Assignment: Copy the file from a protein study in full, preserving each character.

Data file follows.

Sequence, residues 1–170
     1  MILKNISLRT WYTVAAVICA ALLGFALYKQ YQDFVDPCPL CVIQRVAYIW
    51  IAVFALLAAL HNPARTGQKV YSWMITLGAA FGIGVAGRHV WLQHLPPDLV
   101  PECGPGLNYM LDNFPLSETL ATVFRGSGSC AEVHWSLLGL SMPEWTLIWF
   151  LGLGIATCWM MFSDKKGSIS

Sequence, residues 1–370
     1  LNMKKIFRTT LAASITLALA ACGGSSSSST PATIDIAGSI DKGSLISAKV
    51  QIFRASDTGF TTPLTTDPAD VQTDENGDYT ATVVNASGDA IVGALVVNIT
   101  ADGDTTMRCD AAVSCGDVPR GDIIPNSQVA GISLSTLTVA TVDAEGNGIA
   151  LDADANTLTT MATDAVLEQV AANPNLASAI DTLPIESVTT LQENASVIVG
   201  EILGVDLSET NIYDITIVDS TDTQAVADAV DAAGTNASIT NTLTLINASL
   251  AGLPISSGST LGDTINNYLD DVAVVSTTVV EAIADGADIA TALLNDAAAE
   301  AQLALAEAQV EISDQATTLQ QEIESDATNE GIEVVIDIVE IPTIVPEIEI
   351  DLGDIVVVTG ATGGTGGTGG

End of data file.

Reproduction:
Sequence, residues 1–170
     1  MILKNISLRT WYTVAAVICA ALLGFALYKQ YQDFVDPCPL CVIQRVAYIW
    51  IAVFALLAAL HNPARTGQKV YSWMITLGAA FGIGVAGRHV WLQHLPPDLV
   101  PECGPGLNYM LDNFPLSETL ATVFRGSGSC AEVHWSLLGL SMPEWTLIWF
   151  LGLGIATCWM MFSDKKGSIS

Sequence, residues 1–370
     1  LNMKKIFRTT LAASITLALA ACGGSSSSST PATIDIAGSI DKGSLISAKV
    51  QIFRASDTGF TTPLTTDPAD VQTDENGDYT ATVVNASGDA IVGALVVNIT
   101  ADGDTTMRCD AAVSCGDVPR GDIIPNSQVA GISLSTLTVA TVDAEGNGIA
   151  LDADANTLTT MATDAVLEQV AANPNLASAI DTLPIESVTT LQENASVIVG
   201  EILGVDLSET NIYDITIVDS TDTQAVADAV DAAGTNASIT NTLTLINASL
   251  AGLPISSGST LGDTINNYLD DVAVVSTTVV EAIADGADIA TALLNDAAAE
   301  AQLALAEAQV EISDQATTLQ QEIESDATNE GIEVVIDIVE IPTIVPEIEI
   351  DLGDIVVVTG ATGGTGGTGG